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The Cambridge History of English and American Literature in 18 Volumes (1907–21).
Volume VII. Cavalier and Puritan.

XIII. Scholars and Scholarship, 1600–60

§ 2. Close relations between English and continental scholars

Besides native sources of wider development than could be gained from the Bible centre alone, the close connection of English scholars with foreign scholars must be taken into account. England was drawn close to the continent after the return of protestant exiles. Of the twenty–one bishops whom queen Elizabeth appointed, thirteen had passed most of queen Mary’s reign in Germany or Switzerland, and the 650 letters on theological subjects published by the Parker society show the close relationship between English protestants and their fellow believers abroad. English bishops remembered Geneva in the days of her tribulation, by the practical method of sending remittances for the relief of distress when the duke of Savoy was harassing that city. In 1583, by royal brief, a collection for the Genevese was made in the churches of England, which brought in £5039. Calvin’s Institutes was translated into English in 1559, by Thomas Norton, and ran through many editions. Almost all the chief Elizabethan divines were Zwinglian or Calvinist in doctrine, and were in communication with foreign theologians and scholars. When the Spanish armies of Alva were devastating the Low Countries, distressed protestant Fleming refugees came to England in hundreds, while the earl of Leicester and Sir Philip Sidney took some thousands of Englishmen to fight for the Dutch cause. Previously, Sir Walter Ralegh had fought for the Huguenots in France. The duke of Buckingham’s duplicity and feebleness in attempting the relief of La Rochelle in Charles I’s reign caused boundless indignation in England. The sympathy of Cromwell and the English people with the protestants of Piedmont was sufficient, in 1655, to open the national exchequer for grants to schoolmasters, ministers, physicians, even to students in divinity and physic.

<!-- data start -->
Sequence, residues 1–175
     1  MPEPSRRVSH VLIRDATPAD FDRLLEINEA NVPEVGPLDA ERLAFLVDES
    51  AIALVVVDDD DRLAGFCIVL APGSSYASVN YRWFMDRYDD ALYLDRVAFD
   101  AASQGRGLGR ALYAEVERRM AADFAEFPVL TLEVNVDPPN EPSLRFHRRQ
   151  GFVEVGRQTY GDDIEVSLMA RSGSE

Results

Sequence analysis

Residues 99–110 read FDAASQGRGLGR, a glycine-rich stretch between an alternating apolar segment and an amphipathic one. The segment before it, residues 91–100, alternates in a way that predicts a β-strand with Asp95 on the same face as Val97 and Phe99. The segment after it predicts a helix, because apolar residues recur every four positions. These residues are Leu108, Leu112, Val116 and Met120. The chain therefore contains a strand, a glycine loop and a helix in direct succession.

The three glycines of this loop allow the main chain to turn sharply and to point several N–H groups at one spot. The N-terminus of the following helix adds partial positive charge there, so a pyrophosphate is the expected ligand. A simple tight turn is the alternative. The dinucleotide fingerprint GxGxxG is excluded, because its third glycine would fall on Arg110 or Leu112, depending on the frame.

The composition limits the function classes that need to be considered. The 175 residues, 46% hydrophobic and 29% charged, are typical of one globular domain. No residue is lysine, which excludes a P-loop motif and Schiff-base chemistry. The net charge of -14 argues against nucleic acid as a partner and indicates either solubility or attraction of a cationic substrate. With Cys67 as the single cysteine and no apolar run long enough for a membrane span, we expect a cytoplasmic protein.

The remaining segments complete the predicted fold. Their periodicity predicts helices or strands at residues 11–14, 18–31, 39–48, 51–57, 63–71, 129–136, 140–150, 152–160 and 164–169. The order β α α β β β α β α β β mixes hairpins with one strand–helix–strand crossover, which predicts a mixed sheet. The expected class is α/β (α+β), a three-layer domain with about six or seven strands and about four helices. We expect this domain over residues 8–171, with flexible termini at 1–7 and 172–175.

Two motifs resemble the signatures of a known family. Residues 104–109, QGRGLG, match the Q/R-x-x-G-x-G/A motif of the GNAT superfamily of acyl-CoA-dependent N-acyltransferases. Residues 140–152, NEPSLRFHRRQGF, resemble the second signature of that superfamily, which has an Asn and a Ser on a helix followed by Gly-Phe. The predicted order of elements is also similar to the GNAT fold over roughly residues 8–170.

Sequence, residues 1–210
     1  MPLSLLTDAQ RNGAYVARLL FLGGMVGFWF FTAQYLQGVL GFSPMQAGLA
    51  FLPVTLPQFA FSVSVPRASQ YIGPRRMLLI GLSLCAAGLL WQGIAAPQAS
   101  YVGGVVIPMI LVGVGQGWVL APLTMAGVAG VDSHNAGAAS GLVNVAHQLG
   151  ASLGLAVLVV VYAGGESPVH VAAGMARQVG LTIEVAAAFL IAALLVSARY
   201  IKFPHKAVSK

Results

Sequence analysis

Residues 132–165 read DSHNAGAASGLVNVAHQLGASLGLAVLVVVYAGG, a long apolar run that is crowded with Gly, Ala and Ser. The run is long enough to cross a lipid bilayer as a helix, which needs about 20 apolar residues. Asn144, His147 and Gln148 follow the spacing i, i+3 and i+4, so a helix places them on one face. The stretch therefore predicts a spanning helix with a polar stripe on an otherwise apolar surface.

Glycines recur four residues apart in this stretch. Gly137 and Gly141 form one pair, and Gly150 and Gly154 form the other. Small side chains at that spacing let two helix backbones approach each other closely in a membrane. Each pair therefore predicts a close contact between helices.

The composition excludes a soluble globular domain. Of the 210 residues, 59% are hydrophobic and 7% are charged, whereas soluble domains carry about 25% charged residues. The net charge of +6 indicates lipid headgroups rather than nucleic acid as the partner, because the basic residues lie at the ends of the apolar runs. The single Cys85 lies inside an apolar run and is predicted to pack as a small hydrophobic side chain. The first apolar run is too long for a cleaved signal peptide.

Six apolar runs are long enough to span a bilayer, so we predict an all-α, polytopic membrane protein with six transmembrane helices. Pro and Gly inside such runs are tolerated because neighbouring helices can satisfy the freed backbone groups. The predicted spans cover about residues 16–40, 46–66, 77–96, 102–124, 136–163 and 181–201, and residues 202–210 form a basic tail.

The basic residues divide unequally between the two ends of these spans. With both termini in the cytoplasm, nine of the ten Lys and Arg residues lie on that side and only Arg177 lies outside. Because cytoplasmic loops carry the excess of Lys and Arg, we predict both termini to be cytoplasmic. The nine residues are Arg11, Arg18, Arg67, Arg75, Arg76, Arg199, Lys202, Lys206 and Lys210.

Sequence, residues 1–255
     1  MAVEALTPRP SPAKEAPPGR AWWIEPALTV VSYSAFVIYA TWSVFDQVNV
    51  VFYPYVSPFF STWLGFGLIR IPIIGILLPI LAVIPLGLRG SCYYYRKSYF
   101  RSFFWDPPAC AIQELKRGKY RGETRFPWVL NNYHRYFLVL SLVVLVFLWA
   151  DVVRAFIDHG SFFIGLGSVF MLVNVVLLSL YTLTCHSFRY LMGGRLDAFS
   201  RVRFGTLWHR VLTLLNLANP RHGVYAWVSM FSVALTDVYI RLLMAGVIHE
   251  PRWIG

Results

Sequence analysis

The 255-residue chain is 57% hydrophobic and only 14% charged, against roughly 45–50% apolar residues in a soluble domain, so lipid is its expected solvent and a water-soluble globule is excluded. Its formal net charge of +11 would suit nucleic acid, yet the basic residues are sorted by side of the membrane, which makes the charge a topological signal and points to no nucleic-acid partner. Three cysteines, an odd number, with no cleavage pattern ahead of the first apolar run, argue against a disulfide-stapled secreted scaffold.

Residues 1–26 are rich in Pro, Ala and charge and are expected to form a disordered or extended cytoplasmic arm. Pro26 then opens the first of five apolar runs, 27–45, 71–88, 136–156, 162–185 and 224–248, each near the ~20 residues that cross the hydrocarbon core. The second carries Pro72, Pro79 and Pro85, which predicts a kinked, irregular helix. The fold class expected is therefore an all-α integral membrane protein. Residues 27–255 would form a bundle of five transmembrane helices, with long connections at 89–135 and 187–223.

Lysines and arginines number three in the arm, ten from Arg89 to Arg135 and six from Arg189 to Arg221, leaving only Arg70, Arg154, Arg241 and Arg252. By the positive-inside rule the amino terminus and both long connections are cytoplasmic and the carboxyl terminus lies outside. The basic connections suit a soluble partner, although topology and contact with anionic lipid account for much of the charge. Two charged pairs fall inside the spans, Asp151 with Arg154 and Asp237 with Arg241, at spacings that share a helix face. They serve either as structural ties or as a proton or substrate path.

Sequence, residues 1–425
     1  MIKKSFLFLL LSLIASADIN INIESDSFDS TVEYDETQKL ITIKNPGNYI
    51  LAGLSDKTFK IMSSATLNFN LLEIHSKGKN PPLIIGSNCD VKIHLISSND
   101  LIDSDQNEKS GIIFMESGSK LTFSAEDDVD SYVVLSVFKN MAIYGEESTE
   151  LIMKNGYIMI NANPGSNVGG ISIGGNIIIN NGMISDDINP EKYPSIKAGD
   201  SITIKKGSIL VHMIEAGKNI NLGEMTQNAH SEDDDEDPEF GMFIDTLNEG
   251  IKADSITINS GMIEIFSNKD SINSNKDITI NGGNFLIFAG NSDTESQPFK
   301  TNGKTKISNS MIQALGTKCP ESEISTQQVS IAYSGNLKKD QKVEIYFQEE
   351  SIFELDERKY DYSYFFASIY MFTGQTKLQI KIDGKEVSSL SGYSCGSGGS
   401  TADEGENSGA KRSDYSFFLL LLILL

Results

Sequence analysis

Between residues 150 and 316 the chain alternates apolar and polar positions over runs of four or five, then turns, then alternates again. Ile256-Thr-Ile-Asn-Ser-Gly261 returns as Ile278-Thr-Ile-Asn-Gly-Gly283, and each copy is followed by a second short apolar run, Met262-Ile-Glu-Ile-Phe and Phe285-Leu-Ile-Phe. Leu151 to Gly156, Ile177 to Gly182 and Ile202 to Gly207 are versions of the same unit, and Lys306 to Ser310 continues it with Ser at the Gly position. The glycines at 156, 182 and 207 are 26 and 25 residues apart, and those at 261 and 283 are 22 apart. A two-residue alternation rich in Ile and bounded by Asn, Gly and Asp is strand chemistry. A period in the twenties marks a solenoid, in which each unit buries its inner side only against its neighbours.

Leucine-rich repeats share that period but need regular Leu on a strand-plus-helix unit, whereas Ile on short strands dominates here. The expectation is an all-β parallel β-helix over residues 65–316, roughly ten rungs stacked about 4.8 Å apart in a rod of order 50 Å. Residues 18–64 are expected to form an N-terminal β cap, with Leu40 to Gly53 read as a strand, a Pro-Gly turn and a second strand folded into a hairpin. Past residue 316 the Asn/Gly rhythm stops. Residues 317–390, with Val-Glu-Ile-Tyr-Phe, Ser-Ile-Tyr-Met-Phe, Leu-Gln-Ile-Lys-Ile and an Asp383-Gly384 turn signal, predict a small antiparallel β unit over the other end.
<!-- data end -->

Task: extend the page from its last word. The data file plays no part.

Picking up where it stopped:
The continuity of these close relations, political and personal, with foreign protestants, is of capital importance in understanding the history of English scholarship. For, while England largely owed its concentrative group of Bible studies to Geneva, the greatest classical scholarship of the sixteenth century had been shown by French Huguenots, and the chief glories of scholarship in the seventeenth century were clustered together in Holland; and France and Holland, in each age, respectively, were the countries with which our divines and scholars were in closest touch. Thus, in the sixteenth century, French scholarship had been transfigured by the genius and research of Budaeus, Turnebus, Lambinus and the Stephenses, and the succession into the seventeenth century included Casaubon and Salmasius. In 1593, Joseph Scaliger went to Holland to the university of Leyden (founded 1575). Dutch scholarship was the ripest in Europe from 1600–60 and included G.J. Vossius, Isaac Vossius (his son), Claude Saumaise or Salmasius, P. Cluverius, Daniel Heinsius, N. Heinsius (his son), Hugo Grotius, J.F. Gronovius. The interest of this list consists in the fact that all these distinguished scholars were in direct touch with English scholars. The older Vossius corresponded, for instance, with Thomas Farnaby; Isaac Vossius actually left Holland and lived in England, where he held a prebend at Windsor for sixteen years (1673–88). Salmasius had the famous controversy with Milton. From his contemporary, Daniel Heinsius, Ben Jonson borrowed freely in his Timber. Heinsius’s son Nicholas travelled in England. Hugo Grotius wrote his famous Mare liberum (1609) to assert the international right of the seas, and John Selden in 1635 published his answer Mare Clausum, written about 1619. The brother-in-law of G.J. Vossius, Franciscus Junius, himself a man of no mean learning, left Holland to come to England as librarian to the earl of Arundel, and remained in this post for 30 years. He published his De Pictura Veterum, in Latin, in 1637, and, in English, in 1638. Junius was drawn into the enthusiasm for British antiquities and produced an edition of Caedmon, in 1655, and the Moeso-Gothic text of Ulfilas in 1664–5; and he left in MS. an English etymology which served the turn of Johnson’s Dictionary.